Key to your success

As you head into the 2020 fantasy baseball season, I have a tip for you. It’s not a sleeper, or breakout player. Every analyst or pundit has a sleeper, or breakout player for you. Their picks are like penny stock tips – a few hit and most miss.

My key to success in season-long leagues is to work the waiver wire. Every day, and twice on Sunday. Your willingness to work the waiver wire on a daily basis is your No. 1 key to success. I wouldn’t have won four league championships without doing this.

Case in points. Yesterday afternoon, Willie Calhoun got hit in the face by a 95 mph fastball from Dodger left-hander Julio Urias. The pitch broke his jaw, and Calhoun will be sidelined for awhile. My guess is it might be two months, or more.

Some managers would scratch their head for a few days (or weeks). Suddenly, it’s May, and Calhoun is still taking up space on the bench. Then, perhaps he gets to finally play, and he’s putting his foot in the bucket every time a pitch is thrown.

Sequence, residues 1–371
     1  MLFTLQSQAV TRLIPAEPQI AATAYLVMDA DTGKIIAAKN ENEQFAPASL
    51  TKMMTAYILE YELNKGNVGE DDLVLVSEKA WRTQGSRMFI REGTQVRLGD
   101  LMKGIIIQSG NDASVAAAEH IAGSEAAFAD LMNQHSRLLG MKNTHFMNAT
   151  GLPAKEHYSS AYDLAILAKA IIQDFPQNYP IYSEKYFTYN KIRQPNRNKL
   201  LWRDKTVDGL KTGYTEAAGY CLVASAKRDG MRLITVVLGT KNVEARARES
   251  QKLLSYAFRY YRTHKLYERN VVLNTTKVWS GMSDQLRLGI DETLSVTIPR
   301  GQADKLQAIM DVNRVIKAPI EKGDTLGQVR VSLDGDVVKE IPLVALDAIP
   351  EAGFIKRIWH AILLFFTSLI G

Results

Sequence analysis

My response to the injury was to immediately waive Calhoun and pick up teammate Nick Solak. Solak is being largely ignored in fantasy drafts, with an ADP currently at 299. But he finished last season with 32 combined homers, 91 RBIs and a .290 batting average.

When he was promoted by the Rangers in mid-August following the injury to Nomar Mazara, Solak produced and even hit in the cleanup spot for awhile in September. Solak was patient at the plate and not prone to striking out a lot like many rookies.

No one doubts that Solak can hit, but the Rangers didn’t have a place for him in their lineup until Calhoun went down. Solak is only DH eligible right now in most leagues, but that will change. In fact, he may be eligible at multiple positions by April, or May.

If you play fantasy football, you know that you don’t always get the players you claim. In fact, if you’re in a competitive league, you will frequently miss out on the players you want because of the shorter season and smaller pool of players.

Your waiver wire experience in fantasy baseball will be very different than in football. The season is longer, and the pool of players is much larger. You will get the player you claim on the waiver wire unless somebody drops Mike Trout.

 

 

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